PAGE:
America's First Craft Brewery, Anchor Brewing, Could Get A Second Chance

Earlier this month, it was reported that Anchor Brewing, America's first craft brewery, was closing for good, much to the disappointment of craft beer fans everywhere. Now, it seems like there's a small chance that Anchor could be saved.

Anchor's parent company, Sapporo USA, announced a few weeks ago that they had made the decision to close Anchor Brewing, which opened in 1896 in San Francisco, due to financial issues and a decline in sales, which began in 2016. The news followed a controversy surrounding Sapporo buying Anchor in 2017, as multiple employees claimed that Sapporo's management was inadequate and led to the decline in sales. Whatever the exact reasoning, fans of the brewery were devastated — to the point that they formed quite the line outside of Anchor on July 30, its final day of business, in order to get one last pint from the beloved establishment, as reported by CNN.

Now there's potentially some good news for fans. As it turns out, there may be one last hope for Anchor to stay open — if another investor buys it before the liquidation process ends. According to company spokesman Sam Singer, this is a real possibility, as investors have already expressed interest.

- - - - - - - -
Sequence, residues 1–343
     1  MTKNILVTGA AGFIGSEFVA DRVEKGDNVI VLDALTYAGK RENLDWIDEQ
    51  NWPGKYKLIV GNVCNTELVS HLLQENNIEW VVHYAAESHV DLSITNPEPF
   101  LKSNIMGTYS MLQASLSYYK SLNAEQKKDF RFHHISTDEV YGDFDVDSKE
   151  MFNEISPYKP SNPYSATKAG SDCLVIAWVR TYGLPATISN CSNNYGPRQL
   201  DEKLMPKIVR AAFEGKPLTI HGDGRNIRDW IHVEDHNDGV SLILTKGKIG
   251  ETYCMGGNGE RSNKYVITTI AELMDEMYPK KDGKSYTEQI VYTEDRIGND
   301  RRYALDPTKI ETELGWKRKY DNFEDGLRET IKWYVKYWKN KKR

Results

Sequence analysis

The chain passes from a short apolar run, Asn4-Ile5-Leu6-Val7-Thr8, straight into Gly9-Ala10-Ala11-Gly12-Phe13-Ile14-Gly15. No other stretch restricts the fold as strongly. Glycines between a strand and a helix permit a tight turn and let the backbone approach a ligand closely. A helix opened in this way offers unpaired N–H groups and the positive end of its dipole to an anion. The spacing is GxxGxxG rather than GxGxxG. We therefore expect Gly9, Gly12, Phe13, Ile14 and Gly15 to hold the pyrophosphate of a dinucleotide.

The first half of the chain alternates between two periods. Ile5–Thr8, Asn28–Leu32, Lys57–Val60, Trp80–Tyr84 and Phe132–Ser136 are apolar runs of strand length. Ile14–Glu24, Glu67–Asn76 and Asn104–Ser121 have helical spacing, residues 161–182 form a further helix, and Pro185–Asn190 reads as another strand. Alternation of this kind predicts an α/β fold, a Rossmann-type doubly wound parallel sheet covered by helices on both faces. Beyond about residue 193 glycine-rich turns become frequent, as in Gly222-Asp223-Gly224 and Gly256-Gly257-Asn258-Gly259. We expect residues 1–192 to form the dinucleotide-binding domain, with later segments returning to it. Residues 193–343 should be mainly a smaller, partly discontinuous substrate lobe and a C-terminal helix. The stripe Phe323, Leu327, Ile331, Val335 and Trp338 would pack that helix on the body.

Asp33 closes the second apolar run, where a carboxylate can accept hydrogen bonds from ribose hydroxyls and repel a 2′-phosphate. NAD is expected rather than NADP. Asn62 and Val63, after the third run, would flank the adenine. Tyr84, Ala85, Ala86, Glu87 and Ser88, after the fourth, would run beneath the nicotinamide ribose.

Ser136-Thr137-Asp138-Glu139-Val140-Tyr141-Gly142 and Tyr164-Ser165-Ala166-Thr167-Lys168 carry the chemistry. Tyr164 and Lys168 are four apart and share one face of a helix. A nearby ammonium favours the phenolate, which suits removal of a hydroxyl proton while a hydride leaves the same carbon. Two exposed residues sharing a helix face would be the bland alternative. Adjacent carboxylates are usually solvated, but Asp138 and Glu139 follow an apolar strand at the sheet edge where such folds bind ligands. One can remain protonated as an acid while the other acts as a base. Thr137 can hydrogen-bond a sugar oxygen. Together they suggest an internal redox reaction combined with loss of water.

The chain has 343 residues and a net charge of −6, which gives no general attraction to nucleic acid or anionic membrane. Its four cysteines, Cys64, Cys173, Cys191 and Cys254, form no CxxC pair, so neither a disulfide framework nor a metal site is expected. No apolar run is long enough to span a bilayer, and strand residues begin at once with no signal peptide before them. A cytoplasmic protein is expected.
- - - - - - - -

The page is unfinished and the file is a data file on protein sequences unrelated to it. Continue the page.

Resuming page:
Those at Anchor are hopeful that it could be saved

Singer told CNN that about two dozen investors have expressed interest in buying Anchor — and thus saving the 127-year-old business from having to officially close its doors. Singer added, "[The company] remains hopeful that an investor/investor group will keep the company going for future generations. Anchor is deeply grateful to its employees and its fans for their outpouring of support and love during this difficult time."

Another party interested in buying? The Anchor employees themselves. The employee group, which is represented by Warehouse Union Local 6 ILWU has expressed interest in buying Anchor and running it as a worker co-op. In a letter written to Sapporo, the employee group stated, "All we want is a fair shot at being able to continue to do our jobs, make the beer we love, and keep this historic institution open. We do not want the brewery and brand we love to be sold off before we even had a chance."

If Anchor is ultimately sold to an investor, it would not be the first time that it was bought as a way to save it from closing — in 1965, Fritz Maytag bought the company as it was on the verge of bankruptcy. Here's hoping the historic brewery finds a way to keep its doors open — and San Francisco beer lovers happy.